B.C.’s economy is set for a flurry of investment spending as major projects in the province get underway and construction ramps up.
The latest Statistics Canada Capital and Repair Expenditures Survey shows growth in capital spending intentions of 12.9% this year to nearly $34 billion, marking a third straight year of significant growth. This was the strongest increase among provinces and compared with a national gain of 2.5%.
Capital investment intention growth for 2019 is driven by an 18% increase in construction intentions to $22.6 billion and a 4% increase in machinery and equipment investment to $11.4 billion. While capital intentions could be thrown off by changes in the economic landscape or other shocks, the latest figures point to strong investment plans in the province, which will boost economic growth and partly offset a housing-sector downturn. There is also upside risk as government project announcements were delayed into 2019.
Several projects underway or announced include LNG Canada’s liquefied natural gas plant and associated Coastal GasLink pipeline, the Site C dam, the Pattullo Bridge replacement and the St. Paul’s Hospital replacement. Industry growth is driven by utilities (up 21% from 2018 levels to $4.8 billion), transportation and warehousing (up 35.6% to $7.6 billion) and public administration (up 14% to $4.2 billion). These industries accounted for about 86% of the net gain.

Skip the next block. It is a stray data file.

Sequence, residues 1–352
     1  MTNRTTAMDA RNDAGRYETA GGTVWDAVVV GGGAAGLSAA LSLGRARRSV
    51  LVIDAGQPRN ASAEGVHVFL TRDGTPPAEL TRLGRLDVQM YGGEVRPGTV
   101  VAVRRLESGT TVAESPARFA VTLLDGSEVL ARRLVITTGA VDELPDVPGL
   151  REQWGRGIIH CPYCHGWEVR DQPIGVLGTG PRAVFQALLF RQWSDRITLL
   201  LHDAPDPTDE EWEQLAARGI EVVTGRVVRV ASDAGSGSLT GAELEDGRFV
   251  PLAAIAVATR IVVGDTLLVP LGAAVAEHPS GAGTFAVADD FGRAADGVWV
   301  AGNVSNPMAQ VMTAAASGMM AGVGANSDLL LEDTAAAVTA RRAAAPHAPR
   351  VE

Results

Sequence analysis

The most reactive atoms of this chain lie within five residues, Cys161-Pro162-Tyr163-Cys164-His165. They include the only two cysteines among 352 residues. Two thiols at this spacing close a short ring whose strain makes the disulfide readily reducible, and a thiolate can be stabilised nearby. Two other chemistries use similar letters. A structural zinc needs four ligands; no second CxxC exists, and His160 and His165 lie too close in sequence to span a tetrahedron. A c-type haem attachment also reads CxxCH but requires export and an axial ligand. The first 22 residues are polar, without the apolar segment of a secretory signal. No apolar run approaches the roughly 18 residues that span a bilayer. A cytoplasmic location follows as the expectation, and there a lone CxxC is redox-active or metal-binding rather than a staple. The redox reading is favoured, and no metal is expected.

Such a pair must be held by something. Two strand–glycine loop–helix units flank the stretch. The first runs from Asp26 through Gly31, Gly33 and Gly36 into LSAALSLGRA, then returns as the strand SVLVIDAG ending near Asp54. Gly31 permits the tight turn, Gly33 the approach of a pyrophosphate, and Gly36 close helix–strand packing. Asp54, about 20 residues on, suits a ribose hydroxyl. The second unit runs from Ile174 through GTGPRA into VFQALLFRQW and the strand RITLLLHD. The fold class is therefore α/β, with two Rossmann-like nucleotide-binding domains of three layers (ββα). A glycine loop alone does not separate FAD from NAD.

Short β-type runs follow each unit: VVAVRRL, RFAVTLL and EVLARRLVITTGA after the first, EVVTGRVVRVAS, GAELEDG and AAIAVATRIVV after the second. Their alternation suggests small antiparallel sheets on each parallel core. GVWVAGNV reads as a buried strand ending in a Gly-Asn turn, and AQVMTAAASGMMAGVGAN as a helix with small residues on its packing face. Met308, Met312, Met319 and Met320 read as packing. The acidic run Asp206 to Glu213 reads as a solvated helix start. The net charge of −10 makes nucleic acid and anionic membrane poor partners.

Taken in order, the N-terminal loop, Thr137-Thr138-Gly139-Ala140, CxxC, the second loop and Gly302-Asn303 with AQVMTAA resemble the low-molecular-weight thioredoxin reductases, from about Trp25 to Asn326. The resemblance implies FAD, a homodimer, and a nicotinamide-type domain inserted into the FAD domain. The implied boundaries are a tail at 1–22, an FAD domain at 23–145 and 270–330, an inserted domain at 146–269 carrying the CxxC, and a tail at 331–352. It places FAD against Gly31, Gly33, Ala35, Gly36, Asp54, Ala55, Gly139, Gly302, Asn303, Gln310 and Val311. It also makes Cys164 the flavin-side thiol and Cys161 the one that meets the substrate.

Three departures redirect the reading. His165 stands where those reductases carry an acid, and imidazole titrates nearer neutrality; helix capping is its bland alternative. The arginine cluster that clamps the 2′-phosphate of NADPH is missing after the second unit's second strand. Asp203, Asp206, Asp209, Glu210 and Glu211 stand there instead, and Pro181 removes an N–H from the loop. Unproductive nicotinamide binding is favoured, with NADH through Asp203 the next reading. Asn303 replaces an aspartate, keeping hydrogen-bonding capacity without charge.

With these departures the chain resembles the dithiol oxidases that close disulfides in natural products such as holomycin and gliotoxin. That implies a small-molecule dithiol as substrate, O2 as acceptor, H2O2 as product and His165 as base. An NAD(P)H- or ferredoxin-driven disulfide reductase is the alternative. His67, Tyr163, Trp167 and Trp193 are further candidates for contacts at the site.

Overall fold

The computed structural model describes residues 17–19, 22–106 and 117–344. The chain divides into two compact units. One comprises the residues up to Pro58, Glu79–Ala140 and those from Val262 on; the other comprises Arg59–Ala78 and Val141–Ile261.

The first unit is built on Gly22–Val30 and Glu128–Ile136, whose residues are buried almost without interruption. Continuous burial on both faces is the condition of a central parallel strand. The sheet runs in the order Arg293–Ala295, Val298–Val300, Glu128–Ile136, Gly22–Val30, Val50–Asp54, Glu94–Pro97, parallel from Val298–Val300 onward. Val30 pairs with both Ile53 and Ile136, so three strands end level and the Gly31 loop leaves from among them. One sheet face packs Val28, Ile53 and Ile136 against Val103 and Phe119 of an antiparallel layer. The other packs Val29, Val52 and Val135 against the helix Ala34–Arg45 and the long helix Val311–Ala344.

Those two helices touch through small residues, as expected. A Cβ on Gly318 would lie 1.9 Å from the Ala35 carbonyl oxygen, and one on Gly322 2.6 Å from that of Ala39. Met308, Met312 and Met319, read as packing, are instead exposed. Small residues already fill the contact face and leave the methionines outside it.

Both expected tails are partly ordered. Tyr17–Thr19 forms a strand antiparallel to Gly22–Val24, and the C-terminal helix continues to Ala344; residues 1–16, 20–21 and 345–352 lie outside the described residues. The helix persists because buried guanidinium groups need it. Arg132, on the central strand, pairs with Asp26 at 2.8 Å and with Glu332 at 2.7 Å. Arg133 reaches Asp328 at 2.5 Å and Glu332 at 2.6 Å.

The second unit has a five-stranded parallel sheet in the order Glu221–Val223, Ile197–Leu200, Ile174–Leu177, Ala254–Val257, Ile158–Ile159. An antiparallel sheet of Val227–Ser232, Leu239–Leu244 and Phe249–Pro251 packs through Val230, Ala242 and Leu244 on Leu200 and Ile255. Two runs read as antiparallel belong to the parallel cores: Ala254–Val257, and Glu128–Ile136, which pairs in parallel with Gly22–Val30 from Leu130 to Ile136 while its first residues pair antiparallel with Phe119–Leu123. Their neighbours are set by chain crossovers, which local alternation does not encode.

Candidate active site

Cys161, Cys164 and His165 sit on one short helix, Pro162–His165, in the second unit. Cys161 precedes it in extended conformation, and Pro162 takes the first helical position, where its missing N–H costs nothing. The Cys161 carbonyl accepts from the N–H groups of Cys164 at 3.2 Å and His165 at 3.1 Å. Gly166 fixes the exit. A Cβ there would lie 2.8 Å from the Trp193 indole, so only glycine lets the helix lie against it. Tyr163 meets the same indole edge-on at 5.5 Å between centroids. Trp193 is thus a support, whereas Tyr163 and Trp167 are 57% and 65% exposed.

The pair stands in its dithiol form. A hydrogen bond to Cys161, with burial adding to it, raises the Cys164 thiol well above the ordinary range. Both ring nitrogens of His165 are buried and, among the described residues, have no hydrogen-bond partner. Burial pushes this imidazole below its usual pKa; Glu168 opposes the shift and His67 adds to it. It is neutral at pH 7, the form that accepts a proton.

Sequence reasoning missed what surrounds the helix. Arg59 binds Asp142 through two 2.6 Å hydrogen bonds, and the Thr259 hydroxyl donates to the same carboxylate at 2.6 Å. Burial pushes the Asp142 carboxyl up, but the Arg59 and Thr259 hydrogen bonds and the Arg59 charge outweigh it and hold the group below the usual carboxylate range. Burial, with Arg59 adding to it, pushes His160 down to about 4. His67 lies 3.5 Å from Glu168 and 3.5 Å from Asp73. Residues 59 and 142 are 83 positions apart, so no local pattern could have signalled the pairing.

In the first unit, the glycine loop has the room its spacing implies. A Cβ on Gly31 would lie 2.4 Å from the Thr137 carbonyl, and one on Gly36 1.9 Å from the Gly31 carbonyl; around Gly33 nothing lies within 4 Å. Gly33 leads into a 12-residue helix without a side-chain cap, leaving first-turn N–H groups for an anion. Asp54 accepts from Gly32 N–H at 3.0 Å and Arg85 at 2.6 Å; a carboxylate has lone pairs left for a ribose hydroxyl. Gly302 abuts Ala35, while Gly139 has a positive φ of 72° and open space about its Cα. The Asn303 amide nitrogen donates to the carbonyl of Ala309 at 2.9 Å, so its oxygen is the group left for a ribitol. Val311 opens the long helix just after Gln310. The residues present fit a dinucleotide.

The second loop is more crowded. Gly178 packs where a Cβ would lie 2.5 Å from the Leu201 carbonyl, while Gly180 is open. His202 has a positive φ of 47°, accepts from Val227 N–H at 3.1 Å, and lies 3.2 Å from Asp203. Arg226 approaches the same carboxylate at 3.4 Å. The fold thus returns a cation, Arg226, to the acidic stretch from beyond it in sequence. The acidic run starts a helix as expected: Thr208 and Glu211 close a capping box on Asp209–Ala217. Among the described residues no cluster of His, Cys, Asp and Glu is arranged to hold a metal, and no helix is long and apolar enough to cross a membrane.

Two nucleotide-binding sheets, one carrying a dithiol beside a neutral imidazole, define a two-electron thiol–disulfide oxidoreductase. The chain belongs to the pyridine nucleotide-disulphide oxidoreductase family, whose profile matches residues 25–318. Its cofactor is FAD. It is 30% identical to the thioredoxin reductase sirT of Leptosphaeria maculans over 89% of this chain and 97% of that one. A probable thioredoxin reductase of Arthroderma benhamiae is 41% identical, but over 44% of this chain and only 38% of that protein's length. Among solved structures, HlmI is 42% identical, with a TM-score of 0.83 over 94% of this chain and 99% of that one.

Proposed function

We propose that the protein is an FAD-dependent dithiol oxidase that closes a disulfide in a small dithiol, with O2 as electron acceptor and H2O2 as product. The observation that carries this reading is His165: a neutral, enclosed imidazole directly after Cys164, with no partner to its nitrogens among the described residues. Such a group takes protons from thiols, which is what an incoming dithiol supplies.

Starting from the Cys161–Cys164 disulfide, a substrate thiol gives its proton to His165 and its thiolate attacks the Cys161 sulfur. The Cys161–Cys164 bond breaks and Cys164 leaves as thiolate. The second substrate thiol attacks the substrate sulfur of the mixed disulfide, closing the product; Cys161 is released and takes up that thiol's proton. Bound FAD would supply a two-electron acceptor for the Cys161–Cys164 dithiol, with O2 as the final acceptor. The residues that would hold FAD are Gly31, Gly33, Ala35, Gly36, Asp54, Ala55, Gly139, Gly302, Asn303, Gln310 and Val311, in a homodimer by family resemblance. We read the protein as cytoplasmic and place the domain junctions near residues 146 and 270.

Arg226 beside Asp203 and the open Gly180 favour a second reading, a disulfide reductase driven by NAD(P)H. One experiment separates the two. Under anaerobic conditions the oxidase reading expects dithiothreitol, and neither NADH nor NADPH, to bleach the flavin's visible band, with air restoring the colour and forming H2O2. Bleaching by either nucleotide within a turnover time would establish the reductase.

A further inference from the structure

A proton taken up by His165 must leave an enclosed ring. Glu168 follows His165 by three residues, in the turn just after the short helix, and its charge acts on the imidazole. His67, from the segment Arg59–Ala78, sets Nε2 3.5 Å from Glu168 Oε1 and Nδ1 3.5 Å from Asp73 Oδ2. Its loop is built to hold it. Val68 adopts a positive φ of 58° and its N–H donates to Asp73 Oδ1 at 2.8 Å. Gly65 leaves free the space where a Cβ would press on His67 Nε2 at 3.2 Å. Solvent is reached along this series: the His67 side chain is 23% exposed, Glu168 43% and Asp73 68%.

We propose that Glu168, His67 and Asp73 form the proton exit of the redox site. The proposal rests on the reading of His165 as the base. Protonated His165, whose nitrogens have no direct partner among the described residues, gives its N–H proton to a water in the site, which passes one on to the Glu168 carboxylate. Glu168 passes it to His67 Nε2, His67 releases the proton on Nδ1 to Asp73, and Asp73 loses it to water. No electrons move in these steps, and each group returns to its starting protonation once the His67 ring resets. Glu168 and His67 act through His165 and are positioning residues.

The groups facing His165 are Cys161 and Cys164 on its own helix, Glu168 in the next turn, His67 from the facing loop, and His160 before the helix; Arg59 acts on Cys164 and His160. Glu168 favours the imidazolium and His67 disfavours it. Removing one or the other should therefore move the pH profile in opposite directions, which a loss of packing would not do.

The latest Survey of Employment, Payrolls and Hours (SEPH) results pointed to mild improvement in the labour market in December. Average weekly earnings edged up 0.1% from November to $982.21, which was in line with the national performance. A significant drop in average hours worked for hourly employees from 29.3 hours in November to 28.4 in December likely reflected some weakness in the holiday shopping season and labour availability. B.C. wage earnings growth exceeded that of most other regions with five provinces posting declines in wages over the period. Strong growth in Quebec and Newfoundland and Labrador propped up the national reading.
Still, year-over-year growth in B.C. was the fourth highest among provinces at a solid 2.6% in December. While growth in B.C. peaked in mid-2018, employers are still scrambling for workers, given an unemployment rate below 5% and high levels of job vacancies.
B.C. payroll counts rose 0.1% from November compared with a 0.1% national decline. Year-over-year growth remained strong at 2.6%. For 2018, SEPH payroll counts rose 3.6%, the highest increase in the country. This also far outpaced estimated employment growth of 1.1% from the more often watched Labour Force Survey. •
Bryan Yu is deputy chief economist at Central 1 Credit Union.